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People ex rel. Beeler v. Relax The Back Corp.

Court of Appeals of Illinois, First District, First Division

October 17, 2016

THE PEOPLE ex rel. BEELER, SCHAD AND DIAMOND, P.C., Plaintiff-Appellee and Cross-Appellant,
v.
RELAX THE BACK CORPORATION, Defendant-Appellant and Cross-Appellee.

         Appeal from the Circuit Court of Cook County. No. 03 L 11525 Honorable Ronald F. Bartkowicz, Judge Presiding.

          JUSTICE HARRIS delivered the judgment of the court, with opinion. Presiding Justice Connors and Justice Mikva concurred in the judgment and opinion.

          OPINION

          HARRIS JUSTICE.

         ¶ 1 Plaintiff, Beeler, Schad & Diamond, P.C. (relator), filed a claim against defendant, Relax the Back, Corp. (RTB), for damages and civil penalties pursuant to the Illinois False Claims Act (740 ILCS 175/1 et seq. (West 2014)), for failure to collect and remit use tax on RTB's Internet and catalog sales to Illinois customers. After a bench trial, the trial court found in favor of relator regarding catalog sales, but in favor of RTB on Internet sales. RTB appealed and relator filed a cross-appeal. On appeal, RTB contends that the trial court erred in (1) finding liability under the False Claims Act for failing to collect Illinois use tax where it found that RTB made a good faith effort to conduct an investigation into its tax obligations and at all times RTB truthfully stated that it collected no Illinois use tax and (2) awarding approximately $110, 000 in attorney fees based on a purported tax liability of $5181. On cross-appeal, relator contends that the trial court erred in finding that RTB had a substantial nexus to Illinois only for catalog sales, when its finding should have also applied to Internet sales. For the following reasons, we affirm the trial court's determination of no liability regarding RTB's Internet sales and reverse its finding of liability on RTB's catalog sales. We also reverse the judgment awarding relator attorney fees and costs.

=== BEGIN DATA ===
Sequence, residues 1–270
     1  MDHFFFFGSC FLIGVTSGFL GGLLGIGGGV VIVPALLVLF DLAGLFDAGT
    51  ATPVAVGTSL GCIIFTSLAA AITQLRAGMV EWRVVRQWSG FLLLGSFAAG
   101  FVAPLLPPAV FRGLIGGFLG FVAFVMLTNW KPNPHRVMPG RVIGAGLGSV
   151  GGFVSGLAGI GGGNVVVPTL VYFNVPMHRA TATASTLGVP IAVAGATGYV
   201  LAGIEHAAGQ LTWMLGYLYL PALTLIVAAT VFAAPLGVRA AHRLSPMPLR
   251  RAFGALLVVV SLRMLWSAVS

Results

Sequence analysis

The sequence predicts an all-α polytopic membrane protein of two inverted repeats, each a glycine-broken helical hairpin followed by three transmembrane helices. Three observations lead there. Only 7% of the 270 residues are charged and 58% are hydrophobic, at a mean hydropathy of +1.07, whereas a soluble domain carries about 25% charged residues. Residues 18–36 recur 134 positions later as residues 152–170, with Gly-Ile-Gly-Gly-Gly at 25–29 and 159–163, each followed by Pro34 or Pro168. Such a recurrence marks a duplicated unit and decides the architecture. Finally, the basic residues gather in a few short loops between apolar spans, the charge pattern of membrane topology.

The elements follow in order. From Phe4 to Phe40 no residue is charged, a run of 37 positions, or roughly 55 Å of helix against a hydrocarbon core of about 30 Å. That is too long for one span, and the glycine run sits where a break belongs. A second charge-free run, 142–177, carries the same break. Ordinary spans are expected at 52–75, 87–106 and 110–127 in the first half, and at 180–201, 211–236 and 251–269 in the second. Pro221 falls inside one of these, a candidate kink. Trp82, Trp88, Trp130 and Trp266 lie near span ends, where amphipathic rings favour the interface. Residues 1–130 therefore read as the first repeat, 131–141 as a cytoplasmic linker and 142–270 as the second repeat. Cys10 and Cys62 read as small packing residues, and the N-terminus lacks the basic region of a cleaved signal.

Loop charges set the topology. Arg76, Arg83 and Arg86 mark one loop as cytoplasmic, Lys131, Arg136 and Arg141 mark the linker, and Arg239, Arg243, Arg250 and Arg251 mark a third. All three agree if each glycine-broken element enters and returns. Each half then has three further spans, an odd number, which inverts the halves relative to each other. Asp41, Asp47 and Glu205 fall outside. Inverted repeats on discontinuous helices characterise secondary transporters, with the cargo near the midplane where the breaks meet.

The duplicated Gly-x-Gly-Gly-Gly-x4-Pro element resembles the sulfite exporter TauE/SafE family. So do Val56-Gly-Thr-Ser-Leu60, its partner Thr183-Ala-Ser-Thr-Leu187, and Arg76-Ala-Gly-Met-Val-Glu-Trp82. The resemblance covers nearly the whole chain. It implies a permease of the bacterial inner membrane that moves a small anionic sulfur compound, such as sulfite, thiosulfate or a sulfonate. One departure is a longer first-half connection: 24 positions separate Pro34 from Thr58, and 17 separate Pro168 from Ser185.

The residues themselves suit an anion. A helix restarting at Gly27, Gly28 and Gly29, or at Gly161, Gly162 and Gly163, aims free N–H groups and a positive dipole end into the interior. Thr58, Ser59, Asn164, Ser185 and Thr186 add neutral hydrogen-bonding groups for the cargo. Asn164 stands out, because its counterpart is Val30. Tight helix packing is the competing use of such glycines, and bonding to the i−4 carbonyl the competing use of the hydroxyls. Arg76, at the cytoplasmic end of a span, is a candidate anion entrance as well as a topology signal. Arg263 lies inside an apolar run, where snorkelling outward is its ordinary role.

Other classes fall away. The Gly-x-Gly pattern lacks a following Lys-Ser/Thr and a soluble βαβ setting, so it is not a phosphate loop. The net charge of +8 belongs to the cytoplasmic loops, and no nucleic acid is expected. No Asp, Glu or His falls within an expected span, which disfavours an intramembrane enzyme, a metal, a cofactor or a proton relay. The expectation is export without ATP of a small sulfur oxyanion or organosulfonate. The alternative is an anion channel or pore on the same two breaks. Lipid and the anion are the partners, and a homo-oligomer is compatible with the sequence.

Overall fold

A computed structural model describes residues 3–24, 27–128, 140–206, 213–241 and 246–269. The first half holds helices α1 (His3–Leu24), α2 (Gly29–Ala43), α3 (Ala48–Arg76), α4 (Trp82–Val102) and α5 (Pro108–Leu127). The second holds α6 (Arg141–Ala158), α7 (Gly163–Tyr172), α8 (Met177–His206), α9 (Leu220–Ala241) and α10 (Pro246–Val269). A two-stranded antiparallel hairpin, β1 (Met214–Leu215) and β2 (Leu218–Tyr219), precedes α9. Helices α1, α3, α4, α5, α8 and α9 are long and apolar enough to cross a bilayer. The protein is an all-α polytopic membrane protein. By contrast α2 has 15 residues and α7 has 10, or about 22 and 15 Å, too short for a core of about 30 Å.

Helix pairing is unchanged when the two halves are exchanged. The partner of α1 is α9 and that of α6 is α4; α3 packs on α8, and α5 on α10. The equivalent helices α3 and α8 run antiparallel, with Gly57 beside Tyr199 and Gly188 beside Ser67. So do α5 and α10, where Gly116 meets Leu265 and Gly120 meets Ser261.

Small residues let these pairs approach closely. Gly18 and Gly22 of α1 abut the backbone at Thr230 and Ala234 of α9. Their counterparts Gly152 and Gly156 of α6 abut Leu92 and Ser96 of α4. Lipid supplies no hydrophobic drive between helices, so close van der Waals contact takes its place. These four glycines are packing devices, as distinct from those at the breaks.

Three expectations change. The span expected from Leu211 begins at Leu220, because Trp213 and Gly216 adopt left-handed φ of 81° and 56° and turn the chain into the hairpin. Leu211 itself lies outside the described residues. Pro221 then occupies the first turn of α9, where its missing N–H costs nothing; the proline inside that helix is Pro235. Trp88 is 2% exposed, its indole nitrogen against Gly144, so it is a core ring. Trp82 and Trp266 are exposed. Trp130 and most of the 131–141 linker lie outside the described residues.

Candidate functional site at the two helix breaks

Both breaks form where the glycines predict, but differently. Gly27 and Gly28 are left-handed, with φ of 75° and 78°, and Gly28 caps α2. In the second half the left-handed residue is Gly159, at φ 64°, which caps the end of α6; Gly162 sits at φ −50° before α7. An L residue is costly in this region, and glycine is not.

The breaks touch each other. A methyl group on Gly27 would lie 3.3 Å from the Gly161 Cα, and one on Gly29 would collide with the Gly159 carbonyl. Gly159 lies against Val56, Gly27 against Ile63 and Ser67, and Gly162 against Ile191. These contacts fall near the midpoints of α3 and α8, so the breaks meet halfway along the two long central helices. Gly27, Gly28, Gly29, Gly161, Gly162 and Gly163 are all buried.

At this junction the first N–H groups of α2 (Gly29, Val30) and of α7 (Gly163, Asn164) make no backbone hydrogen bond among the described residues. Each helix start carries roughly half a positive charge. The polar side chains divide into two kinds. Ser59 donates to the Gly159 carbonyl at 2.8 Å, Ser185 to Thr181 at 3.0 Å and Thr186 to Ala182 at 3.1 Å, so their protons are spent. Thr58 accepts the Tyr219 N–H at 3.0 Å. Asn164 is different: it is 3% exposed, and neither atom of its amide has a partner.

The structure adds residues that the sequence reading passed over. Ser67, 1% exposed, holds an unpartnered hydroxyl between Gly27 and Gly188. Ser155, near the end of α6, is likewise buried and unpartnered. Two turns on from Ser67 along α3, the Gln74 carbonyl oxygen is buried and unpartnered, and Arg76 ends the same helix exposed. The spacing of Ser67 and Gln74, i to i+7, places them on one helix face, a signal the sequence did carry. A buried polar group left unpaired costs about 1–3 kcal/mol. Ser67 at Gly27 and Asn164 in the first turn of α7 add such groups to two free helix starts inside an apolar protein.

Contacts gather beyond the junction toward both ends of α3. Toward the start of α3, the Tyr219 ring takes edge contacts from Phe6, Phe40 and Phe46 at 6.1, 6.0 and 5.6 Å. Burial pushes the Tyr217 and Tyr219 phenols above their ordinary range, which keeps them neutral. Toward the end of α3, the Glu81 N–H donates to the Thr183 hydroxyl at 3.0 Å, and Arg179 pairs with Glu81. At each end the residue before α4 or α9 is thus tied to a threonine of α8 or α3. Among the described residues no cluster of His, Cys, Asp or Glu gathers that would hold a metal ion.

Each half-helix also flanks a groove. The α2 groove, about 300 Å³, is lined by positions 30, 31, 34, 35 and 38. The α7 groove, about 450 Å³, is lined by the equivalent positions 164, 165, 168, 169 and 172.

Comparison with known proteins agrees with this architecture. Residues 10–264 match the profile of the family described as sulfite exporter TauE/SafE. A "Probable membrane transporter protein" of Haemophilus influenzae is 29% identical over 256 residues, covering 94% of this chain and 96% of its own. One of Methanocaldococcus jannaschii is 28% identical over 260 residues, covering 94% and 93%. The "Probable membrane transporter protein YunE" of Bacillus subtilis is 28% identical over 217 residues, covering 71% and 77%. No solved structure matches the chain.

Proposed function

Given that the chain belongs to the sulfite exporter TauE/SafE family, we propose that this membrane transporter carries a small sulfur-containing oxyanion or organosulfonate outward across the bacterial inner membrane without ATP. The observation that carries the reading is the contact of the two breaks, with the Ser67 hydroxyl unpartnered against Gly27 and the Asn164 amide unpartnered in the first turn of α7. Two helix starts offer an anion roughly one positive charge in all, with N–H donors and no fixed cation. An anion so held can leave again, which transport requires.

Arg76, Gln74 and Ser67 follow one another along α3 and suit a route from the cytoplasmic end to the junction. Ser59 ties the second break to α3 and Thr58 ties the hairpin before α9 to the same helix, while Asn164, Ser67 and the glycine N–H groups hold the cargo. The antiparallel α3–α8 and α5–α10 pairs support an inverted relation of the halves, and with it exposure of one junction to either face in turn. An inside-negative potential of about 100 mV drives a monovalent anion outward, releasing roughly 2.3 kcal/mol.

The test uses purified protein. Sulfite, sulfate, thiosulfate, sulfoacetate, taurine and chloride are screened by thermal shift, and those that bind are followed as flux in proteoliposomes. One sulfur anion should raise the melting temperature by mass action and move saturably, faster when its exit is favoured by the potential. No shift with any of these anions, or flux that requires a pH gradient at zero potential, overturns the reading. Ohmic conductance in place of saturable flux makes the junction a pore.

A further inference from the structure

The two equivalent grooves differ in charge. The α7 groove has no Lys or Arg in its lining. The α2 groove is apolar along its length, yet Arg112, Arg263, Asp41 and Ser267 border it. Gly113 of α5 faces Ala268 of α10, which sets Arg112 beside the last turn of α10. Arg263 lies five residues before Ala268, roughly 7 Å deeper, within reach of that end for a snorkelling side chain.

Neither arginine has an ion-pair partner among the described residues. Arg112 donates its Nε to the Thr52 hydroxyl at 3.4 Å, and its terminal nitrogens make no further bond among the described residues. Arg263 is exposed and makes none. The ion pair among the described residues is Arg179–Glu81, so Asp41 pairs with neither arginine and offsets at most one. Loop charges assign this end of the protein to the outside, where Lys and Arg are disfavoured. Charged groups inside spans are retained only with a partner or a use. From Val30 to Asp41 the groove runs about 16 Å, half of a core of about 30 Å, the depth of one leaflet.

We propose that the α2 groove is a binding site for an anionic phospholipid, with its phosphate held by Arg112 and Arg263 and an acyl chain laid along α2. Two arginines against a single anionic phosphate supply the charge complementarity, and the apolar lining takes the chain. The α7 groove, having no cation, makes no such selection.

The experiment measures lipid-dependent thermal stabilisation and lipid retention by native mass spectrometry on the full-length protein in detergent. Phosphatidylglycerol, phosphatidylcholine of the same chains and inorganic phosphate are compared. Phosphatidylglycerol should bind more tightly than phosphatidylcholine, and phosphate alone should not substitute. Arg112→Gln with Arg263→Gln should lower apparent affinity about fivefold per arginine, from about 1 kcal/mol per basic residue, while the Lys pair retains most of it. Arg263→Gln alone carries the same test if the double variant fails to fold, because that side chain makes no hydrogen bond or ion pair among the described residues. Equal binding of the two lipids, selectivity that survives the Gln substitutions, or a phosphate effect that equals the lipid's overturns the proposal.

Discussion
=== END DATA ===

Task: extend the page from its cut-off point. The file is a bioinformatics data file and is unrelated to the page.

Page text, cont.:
¶ 2 JURISDICTION

         ¶ 3 The trial court entered its judgment after a bench trial on December 18, 2014. The parties filed motions for reconsideration and for briefing on damages and penalties. The trial court denied the motions for reconsideration on May 6, 2015, but awarded damages in favor of relator. On May 29, 2015, RTB filed its notice of appeal. Relator filed a petition for fees and costs on May 21, 2015, and on August 13, 2015, the trial court entered a judgment awarding relator fees and costs. RTB filed a notice of appeal from that order on September 10, 2015. By order of this court, RTB's two appeals were consolidated. Accordingly, this court has jurisdiction pursuant to Illinois Supreme Court Rules 301 and 303 governing appeals from final judgments entered below. Ill. S.Ct. R. 301 (eff. Feb. 1, 1994); R. 303 (eff. May 30, 2008).

         ¶ 4 RTB contends that this court lacks jurisdiction to consider relator's cross-appeal from the trial court's judgment because it was not filed until September 10, 2015, more than 30 days after the trial court denied the motions for reconsideration on May 6, 2015. Illinois Supreme Court Rule 303(a)(3) (eff. Jan. 1, 2015) provides that "[i]f a timely notice of appeal is filed *** any other party, *** within 30 days from the entry of the judgment or order being appealed, or within 30 days of the entry of the order disposing of the last pending postjudgment motion, whichever is later, may join in the appeal, appeal separately, or cross-appeal by filing a notice of appeal, indicating which type of appeal is being taken." Although the trial court entered its judgment on May 6, 2015, relator filed its petition for attorney fees and costs on May 21, 2015. The trial court has jurisdiction to consider a petition for fees filed within 30 days of the entry of a final judgment. John G. Phillips & Associates v. Brown, 197 Ill.2d 337, 343-44 (2001). "The filing of a postjudgment petition for fees renders a *** notice of appeal premature." Suburban Auto Rebuilders, Inc. v. Associated Tile Dealers Warehouse, Inc., 388 Ill.App.3d 81, 97 (2009). Since relator filed its petition for fees within 30 days of the trial court's May 6, 2015, judgment, RTB's notice of appeal filed on May 29, 2015, was premature and only became effective when the trial court entered its order awarding fees and costs on August 13, 2015. See Ill. S.Ct. R. 303(a)(2) (eff. Jan. 1, 2015) ("[w]hen a timely postjudgment motion has been filed by any party, *** a notice of appeal filed before the entry of the order disposing of the last pending postjudgment motion, or before the final disposition of any separate claim, becomes effective when the order disposing of said motion or claim is entered"). Relator filed its cross-appeal on September 10, 2015. Since relator's cross-appeal was filed within 30 days of the trial court's August 13, 2015, judgment, we have jurisdiction to consider the cross-appeal.

         ¶ 5 BACKGROUND